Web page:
If anything, 2018 will be about autonomous vehicles. For those vehicles to function optimally, there has to be a lot of development in the field of Artificial Intelligence (AI), sensor processing and image recognition. These applications require stupendous amount of floating-point calculations. The resource efficient 16-bit floating-point format is to come to widespread use this year.
Yes, they are coming: the autonomous vehicles. Different companies are already testing them, like the self-driving cars tested by companies such as Tesla and Google. And what would you think about trucks equipped with Peloton technology’s platooning technology that drove over 1,000 miles in Florida in December, following a successful test in Michigan earlier in December.
A lot of systems are needed to make these vehicle move on their own. They have to have top of the range sensor equipment for spatial awareness, and AI and image processing to map the surroundings of the vehicle so that they can anticipate movements and dangerous situations.
16-bit Floating-Point (FP)
Billions of floating-point calculations form the backbone of these algorithms. Shaving of any overhead makes a huge difference. For many of these calculations, the precision of 32-bit FP is not necessary. 16-bit FP will do, and those are twice as efficient to store and require a quarter of the power to compute with.
16-bit FP is not so widespread yet, and is today mostly limited to dedicated graphics processors. But that is changing and more and more companies are adding 16-bit FP to the CPU core and vector units.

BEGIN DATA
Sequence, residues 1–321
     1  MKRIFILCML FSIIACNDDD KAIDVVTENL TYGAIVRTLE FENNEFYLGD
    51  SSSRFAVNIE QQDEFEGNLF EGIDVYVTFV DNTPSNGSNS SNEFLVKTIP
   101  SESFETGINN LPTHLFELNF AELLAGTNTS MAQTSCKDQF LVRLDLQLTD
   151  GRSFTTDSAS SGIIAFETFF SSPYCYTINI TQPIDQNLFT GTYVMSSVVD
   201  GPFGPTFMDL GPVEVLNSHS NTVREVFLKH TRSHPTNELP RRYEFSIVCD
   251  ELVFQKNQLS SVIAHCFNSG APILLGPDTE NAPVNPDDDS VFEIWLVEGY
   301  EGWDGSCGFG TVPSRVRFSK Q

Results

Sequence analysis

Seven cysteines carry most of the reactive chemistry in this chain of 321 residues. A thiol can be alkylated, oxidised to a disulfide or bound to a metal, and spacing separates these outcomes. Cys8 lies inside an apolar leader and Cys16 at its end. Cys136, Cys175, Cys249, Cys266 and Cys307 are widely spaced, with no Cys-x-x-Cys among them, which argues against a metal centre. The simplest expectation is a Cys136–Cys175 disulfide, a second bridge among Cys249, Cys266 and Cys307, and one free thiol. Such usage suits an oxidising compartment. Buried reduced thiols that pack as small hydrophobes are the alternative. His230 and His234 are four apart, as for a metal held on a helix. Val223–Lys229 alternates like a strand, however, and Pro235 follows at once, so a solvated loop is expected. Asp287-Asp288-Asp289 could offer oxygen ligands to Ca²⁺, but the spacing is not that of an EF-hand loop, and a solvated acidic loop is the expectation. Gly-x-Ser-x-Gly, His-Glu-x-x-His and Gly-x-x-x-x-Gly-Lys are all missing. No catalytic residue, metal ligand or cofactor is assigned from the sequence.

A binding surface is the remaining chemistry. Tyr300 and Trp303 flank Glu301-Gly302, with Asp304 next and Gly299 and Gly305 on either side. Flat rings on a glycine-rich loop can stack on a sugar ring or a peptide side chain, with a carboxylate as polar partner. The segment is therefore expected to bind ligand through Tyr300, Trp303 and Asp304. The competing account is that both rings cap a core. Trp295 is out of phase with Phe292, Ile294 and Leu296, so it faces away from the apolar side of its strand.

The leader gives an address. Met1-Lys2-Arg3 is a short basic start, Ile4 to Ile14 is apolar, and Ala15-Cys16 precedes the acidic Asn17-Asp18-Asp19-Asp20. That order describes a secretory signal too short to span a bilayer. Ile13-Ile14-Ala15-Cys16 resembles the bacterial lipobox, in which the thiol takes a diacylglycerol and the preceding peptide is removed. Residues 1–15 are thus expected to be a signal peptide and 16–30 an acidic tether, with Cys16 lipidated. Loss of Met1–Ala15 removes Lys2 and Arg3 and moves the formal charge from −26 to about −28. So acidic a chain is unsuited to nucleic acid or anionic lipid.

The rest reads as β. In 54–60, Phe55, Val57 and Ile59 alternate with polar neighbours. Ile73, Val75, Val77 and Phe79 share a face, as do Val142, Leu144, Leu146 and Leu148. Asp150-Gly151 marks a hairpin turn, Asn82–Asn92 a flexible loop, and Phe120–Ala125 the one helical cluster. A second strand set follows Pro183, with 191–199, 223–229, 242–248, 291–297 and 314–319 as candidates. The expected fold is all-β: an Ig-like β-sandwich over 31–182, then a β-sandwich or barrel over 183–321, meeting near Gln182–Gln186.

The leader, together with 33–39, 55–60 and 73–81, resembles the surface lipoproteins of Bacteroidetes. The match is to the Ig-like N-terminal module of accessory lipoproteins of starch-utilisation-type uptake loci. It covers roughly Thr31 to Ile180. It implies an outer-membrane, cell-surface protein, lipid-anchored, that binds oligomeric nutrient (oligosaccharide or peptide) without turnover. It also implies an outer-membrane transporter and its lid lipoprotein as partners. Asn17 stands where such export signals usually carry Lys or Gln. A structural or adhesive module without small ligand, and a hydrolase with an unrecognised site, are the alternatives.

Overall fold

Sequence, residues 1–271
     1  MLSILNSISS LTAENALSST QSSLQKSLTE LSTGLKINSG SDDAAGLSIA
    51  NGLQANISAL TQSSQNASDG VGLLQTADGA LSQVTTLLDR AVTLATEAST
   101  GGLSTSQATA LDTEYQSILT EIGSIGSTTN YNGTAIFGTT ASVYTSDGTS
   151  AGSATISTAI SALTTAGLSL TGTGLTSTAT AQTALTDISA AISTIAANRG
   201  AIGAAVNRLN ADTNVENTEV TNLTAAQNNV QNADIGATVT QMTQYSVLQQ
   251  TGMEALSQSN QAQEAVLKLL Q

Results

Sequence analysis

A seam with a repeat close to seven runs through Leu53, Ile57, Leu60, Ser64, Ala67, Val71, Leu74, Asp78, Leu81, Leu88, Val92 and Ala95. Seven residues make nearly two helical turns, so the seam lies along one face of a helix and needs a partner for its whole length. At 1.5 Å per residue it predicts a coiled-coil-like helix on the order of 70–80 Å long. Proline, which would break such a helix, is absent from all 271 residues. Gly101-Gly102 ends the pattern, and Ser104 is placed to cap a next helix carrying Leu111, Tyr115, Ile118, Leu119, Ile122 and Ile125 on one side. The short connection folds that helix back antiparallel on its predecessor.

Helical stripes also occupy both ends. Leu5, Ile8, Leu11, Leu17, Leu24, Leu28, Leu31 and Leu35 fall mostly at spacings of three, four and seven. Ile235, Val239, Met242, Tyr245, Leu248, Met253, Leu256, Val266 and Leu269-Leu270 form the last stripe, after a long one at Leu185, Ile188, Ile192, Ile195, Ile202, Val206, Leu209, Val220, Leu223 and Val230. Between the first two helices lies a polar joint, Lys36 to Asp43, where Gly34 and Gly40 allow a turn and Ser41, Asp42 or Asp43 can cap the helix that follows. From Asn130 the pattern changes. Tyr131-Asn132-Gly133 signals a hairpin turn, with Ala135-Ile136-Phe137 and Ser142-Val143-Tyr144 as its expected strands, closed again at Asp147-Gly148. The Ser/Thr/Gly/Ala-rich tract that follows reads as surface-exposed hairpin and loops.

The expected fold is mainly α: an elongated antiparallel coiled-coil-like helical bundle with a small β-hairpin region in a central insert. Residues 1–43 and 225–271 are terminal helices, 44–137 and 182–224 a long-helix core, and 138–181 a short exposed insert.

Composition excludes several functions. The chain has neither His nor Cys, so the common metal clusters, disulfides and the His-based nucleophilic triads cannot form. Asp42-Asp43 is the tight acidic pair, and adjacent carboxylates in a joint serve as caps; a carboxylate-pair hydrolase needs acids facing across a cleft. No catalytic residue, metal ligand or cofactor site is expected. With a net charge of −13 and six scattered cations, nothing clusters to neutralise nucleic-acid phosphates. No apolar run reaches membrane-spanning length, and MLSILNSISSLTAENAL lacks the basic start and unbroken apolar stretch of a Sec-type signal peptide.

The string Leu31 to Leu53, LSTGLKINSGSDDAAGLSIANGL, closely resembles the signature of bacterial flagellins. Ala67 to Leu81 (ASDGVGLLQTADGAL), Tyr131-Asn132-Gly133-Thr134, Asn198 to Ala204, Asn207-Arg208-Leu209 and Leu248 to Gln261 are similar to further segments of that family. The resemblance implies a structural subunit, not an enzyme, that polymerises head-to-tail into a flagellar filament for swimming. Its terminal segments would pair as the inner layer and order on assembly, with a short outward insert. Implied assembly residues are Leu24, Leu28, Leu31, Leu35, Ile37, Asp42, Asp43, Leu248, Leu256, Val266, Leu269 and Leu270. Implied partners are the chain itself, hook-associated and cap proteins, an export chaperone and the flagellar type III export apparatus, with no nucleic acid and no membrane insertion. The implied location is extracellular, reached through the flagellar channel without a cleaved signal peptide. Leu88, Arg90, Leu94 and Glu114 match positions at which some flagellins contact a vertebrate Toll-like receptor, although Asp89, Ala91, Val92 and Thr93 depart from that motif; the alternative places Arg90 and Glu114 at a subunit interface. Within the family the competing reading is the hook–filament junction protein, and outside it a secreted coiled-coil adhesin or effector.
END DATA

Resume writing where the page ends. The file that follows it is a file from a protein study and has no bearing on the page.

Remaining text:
That is why Solid Sands has added 16-bit FP testing to its portfolio. With this development we are ahead of the curve as the C and C++ languages do not have a primitive type to accommodate this new format yet and tests are not readily available.
It looks like the development of the autonomous vehicle will take a big leap this year. By adopting the 16-bit FP format, the cost of those developments and those vehicles could decrease, making them more accessible for everybody. But safety has to come first. That is why testing is so important. At Solid Sands we continue to develop SuperTest to stay up to date with all the new developments.
Want to talk to us about all those new developments in both technology and testing? Then join us at the Autonomous Vehicle Software Symposium in Stuttgart, Germany from June 5 until June 7. Our CTO Marcel Beemster will speak there about the importance of compiler testing. We would love to meet you at our booth #AV3007
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